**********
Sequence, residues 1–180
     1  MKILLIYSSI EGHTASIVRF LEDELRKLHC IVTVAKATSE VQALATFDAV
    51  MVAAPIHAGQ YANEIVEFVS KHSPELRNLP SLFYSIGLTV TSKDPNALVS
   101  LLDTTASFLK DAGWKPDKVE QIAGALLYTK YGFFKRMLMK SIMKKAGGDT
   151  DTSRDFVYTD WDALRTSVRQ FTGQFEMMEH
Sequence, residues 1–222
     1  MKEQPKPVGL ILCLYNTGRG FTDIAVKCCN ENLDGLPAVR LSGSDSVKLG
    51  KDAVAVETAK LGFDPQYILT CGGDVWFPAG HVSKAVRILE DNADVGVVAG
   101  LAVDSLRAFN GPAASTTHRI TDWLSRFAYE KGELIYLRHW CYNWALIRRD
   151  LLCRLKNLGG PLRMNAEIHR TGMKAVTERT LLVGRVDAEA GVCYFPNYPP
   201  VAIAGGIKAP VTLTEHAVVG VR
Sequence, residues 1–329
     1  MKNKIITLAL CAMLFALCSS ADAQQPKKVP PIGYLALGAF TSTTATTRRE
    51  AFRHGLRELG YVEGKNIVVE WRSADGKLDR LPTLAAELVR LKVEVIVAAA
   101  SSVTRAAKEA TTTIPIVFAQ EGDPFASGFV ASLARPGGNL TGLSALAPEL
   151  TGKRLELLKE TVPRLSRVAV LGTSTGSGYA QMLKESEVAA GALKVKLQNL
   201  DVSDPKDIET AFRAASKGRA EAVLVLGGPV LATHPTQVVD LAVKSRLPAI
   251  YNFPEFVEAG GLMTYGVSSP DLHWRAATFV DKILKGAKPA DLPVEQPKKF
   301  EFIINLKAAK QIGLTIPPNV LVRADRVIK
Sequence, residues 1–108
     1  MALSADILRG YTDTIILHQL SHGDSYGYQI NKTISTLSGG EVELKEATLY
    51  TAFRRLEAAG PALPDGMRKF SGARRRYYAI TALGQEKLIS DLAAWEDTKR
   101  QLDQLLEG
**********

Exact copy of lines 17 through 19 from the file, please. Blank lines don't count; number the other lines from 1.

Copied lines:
   201  DVSDPKDIET AFRAASKGRA EAVLVLGGPV LATHPTQVVD LAVKSRLPAI
   251  YNFPEFVEAG GLMTYGVSSP DLHWRAATFV DKILKGAKPA DLPVEQPKKF
   301  EFIINLKAAK QIGLTIPPNV LVRADRVIK